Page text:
Why Nature Photography is Stuck in the Past

From my desk calendar, a tiger peers at me behind leaf sprays. I flip through the months. A whale fin splashes; butterflies feed at flowers; a bear catches a salmon; a fish hides in an anemone; moonlit elephants bathe and trumpet, or just gaze into the camera like the one in the simple image here. Each situation has been the subject of countless photographs.

These images are technically and aesthetically up-to-date, and certainly have their place. Yet with more than a century of experience now behind us, I believe nature photographers should be reaching deeper into new territory. We can be natural historians with a camera, journalists transcending color and design to encompass the uniqueness and drama of a species’ existence.

A magazine article’s interconnected images should tell a story; each one, like a well wrought paragraph, must instruct and enthrall. Furthermore, as in ordinary journalism, the goal is to record not simply everyday routine, but decisive moments -- actions or events that might occur once in a subject’s lifetime, such as a marriage or bereavement might for a human.

For any publication, then, I look at the proportions of three types of images: decisive moments; landscapes; and portraits. Within the portrait category I include rudimentary or commonplace behavior, such as a bird brooding her young; bugs mating; a snake threatening the camera; a leopard in a blurry dash. While satisfying when executed well, portraits weaken a story when they are too numerous, because they draw little from life’s most poignant dynamics. On the other hand, a story feels incomplete if a sweep of the subject’s environment -- a landscape -- is not introduced at least once.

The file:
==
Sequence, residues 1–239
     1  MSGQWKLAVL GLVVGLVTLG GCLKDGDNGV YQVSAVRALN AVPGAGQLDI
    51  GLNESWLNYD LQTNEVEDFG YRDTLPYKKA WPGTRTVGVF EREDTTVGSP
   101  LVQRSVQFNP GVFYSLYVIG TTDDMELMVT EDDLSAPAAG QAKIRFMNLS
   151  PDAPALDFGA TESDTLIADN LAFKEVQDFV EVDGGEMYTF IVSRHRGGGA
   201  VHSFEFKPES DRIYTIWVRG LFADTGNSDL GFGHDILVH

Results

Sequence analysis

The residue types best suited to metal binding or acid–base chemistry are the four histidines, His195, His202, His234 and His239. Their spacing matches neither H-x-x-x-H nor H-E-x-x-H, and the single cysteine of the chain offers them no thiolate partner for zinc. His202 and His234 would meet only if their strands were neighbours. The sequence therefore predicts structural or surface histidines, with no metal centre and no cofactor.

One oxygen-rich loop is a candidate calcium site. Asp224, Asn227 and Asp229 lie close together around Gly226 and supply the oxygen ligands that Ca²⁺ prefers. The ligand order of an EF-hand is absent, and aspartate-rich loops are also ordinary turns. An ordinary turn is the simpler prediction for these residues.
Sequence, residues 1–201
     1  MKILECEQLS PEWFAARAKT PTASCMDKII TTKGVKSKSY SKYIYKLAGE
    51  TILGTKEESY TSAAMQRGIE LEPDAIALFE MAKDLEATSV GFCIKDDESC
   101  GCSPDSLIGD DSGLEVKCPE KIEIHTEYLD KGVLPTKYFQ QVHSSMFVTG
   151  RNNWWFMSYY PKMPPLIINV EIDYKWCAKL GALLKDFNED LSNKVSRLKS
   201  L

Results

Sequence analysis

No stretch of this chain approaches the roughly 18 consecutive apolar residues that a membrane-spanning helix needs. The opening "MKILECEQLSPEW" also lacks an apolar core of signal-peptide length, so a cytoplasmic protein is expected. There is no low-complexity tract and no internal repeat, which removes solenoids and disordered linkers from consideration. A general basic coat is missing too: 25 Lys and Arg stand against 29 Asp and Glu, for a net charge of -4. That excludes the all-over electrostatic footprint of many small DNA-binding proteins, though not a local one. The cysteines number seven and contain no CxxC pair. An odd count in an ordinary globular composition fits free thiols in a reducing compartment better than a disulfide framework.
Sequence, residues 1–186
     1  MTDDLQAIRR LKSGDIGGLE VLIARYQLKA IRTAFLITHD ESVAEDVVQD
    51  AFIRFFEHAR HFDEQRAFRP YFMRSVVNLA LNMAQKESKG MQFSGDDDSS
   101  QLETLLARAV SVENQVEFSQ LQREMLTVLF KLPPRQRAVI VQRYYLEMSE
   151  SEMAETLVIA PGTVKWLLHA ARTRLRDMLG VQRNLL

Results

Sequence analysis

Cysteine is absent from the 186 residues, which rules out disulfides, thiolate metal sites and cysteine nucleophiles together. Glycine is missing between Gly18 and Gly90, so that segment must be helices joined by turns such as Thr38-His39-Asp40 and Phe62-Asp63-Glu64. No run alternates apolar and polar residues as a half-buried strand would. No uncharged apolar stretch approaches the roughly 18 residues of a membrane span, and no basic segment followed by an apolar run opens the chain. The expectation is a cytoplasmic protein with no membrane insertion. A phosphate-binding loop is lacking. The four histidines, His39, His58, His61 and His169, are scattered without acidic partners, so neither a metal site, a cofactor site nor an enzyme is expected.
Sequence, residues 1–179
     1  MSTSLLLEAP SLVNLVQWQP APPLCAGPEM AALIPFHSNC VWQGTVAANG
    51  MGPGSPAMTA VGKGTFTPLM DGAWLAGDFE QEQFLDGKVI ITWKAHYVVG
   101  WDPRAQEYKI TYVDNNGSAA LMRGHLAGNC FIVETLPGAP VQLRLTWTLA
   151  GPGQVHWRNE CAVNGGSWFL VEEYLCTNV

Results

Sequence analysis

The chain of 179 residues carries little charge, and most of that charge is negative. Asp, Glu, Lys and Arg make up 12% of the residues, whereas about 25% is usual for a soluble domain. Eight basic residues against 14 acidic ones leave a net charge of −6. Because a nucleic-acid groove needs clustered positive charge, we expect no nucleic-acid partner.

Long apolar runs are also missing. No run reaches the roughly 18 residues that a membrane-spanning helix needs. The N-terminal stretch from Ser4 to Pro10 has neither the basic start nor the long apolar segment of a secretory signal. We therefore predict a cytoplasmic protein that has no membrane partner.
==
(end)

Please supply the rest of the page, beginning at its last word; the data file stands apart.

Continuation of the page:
Of the three kinds of images, usually an article with few dramatic action pictures especially suffers, no matter how elegant the presentation or sumptuous the plumage. If the topic were human affairs, the viewer might conclude that the photographer had weak emotional or intellectual connections with his own species. In this respect wildlife photography lags well behind other forms of journalism.

The fault lies as much with editors as photographers. It is effortless to pick that calendar-style image or (in a frequent regress back to many Life magazine stories of a half century ago) the staged shot in a studio. This reflects both a lack of originality and emphasis on technical perfection over content. Just review most of the winners of nature photography competitions.

The scarcity of (non-trivial) action images of nature subjects suggests opportunities for growth. Rather than ever-refining their presentation of the same, familiar events, photographers and their editors can seek out new behavior and insights to surprise their viewers. It is astonishing how much there is still out there to find.

Updated and refined from:

Magnificent Moments:
The World’s Greatest Wildlife Photographs
GH Harrison, editor. Willow Creek Press (1995)

This post expands upon page 126 of AAA.


  1. Well, I certainly don't know nature photography like you do, Mark, but this rings true. Some of what you're saying sounds like nature photography needs to me more like good street photography. You're after moments in time, possibly unique ones, not just standard-issue poses that allow the view to identify the animal (and marvel at the photographer's chops).

  2. Interesting ideas. Some of the points about the types of photos needed to make a story complete almost start to sound like a discussion of film editing conventions: establishing shot, medium shot, close up, two shot, etc.

  3. I'm listening to people talking about bees On Point, June 18th. It sounds like there may be some similarities between bee and ant culture. Has anyone researched possible connections?


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